A CEO has tips for the first career after graduation

The first job after graduation is daunting and exciting at the same time. Andrew Filev, founder and CEO of Wrike, has some good advice on how to make the start to a career smoother and more enjoyable but also how to get the most out of this first engagement with the “real” world.

CEOs are proud when people choose their companies for their first job out of college, writes Andrew Filev in an article for Forbes. Filev is the founder and CEO of Wrike, which provides modern work teams with collaboration tools that make them more productive.

In his opinion they bring fresh energy, willingness to learn, and new perspectives to old problems that amaze even seasoned veterans of their fields. Filev knows how daunting as well as exciting the start to a professional career can be and has collected some advice on getting a career off to a great start in the first job.

  • Don’t “fake it ‘til you make it”

Andrew Filev’s advice: “When you’re interviewing for a position in a company or startup, it’s essential to be honest about your skill set and career goals.”

  • Be a part of the culture

Andrew Filev’s advice: Show up to work events or in-office activities as this is an easy way to demonstrate that you’re happy to be a part of the team.

  • Demonstrate your ambition through performance

Andrew Filev’s advice: “Make sure you and your management are aligned about your career goals, and then let your performance speak for you. Seek out a mentor and compassionate feedback. Don’t posture yourself as an expert, but rather as someone who is always open to learning something new.”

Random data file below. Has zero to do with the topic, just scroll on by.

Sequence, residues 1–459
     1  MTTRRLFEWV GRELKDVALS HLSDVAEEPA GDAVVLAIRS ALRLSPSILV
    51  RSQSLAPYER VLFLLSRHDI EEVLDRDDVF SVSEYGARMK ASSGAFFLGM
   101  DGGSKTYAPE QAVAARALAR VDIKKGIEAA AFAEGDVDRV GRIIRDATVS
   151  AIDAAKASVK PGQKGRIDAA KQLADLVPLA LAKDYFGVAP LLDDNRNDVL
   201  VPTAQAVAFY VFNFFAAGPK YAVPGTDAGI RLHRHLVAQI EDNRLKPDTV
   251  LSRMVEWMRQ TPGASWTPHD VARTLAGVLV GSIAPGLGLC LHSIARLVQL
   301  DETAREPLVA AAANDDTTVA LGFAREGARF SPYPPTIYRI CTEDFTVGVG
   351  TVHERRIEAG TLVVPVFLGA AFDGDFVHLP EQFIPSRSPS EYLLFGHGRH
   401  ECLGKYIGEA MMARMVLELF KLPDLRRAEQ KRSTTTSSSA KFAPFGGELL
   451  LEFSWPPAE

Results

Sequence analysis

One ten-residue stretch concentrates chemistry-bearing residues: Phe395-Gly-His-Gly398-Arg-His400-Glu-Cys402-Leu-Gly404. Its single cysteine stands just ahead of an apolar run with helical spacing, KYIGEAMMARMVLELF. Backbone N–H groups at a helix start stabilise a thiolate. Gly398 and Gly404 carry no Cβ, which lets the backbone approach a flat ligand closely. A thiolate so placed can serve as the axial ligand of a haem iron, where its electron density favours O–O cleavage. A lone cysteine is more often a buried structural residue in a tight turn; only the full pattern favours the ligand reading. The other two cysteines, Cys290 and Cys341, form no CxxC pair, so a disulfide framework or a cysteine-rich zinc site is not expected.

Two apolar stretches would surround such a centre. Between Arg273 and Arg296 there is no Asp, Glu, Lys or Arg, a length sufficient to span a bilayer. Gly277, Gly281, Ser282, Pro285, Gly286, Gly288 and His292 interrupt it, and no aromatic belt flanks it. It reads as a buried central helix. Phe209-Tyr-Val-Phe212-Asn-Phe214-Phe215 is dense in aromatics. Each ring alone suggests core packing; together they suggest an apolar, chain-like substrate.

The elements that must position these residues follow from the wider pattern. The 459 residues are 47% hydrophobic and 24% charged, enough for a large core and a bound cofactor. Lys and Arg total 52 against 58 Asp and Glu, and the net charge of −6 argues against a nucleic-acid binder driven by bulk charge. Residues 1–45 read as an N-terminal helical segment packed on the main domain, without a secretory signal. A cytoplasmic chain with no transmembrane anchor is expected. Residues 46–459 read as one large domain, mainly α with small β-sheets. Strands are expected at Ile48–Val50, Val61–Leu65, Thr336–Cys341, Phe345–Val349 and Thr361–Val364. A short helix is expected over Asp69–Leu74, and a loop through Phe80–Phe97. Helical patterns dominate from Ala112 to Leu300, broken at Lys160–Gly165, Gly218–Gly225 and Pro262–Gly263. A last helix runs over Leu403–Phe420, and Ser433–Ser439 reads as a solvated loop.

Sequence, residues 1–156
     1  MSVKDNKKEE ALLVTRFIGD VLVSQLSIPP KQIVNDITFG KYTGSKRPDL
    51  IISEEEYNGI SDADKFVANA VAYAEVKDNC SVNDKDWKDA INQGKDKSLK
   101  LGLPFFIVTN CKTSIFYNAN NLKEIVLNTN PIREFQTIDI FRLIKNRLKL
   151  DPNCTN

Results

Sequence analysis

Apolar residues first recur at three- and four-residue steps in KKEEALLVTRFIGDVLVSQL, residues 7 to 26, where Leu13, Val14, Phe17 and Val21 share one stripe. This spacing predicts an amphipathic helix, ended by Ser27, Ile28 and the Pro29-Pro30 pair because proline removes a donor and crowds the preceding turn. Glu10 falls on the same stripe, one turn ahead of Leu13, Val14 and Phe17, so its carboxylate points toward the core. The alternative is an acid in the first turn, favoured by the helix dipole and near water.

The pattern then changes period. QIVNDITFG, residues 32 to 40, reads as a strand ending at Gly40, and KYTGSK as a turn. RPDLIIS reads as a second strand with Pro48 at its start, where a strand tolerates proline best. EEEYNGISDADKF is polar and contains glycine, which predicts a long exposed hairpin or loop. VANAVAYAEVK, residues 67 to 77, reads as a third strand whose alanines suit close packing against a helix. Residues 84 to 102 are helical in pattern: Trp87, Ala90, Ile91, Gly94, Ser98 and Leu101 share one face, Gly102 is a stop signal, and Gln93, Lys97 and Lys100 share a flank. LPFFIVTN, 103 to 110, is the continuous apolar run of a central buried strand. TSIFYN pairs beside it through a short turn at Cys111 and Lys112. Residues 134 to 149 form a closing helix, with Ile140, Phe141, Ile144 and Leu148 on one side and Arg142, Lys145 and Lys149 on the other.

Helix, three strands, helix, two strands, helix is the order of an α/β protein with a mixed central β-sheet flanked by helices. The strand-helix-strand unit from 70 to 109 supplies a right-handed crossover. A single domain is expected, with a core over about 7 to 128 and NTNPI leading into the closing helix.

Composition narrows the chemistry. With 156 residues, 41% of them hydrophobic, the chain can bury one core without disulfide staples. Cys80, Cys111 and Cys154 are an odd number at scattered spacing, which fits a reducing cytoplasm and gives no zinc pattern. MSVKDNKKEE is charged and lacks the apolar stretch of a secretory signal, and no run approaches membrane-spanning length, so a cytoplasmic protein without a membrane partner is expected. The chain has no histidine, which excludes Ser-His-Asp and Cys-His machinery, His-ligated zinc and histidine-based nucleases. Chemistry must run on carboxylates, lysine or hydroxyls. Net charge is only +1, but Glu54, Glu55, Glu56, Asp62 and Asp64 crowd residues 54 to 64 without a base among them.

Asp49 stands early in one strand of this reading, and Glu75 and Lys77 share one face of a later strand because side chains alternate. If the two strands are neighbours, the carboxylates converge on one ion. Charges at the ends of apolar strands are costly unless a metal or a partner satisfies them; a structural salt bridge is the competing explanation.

• Unhappy? Figure out why

Andrew Filev’s advice: “A recent study found that unhappy workers ranked ‘compensation’ as the most important factor in their happiness. Happy workers, however, said ‘doing meaningful work’ was the most important factor. Remember this key statistic as you begin your career.”

  • Take an improv class

Andrew Filev’s advice: “Succeeding in an unpredictable world requires opening your mind to the power of saying “yes, and.” This phrase is a ground rule in improv, and it allows you to build upon an imperfect idea rather than shutting it down and replacing it with your own.”

Read Andrew Filev’s full advice on Forbes

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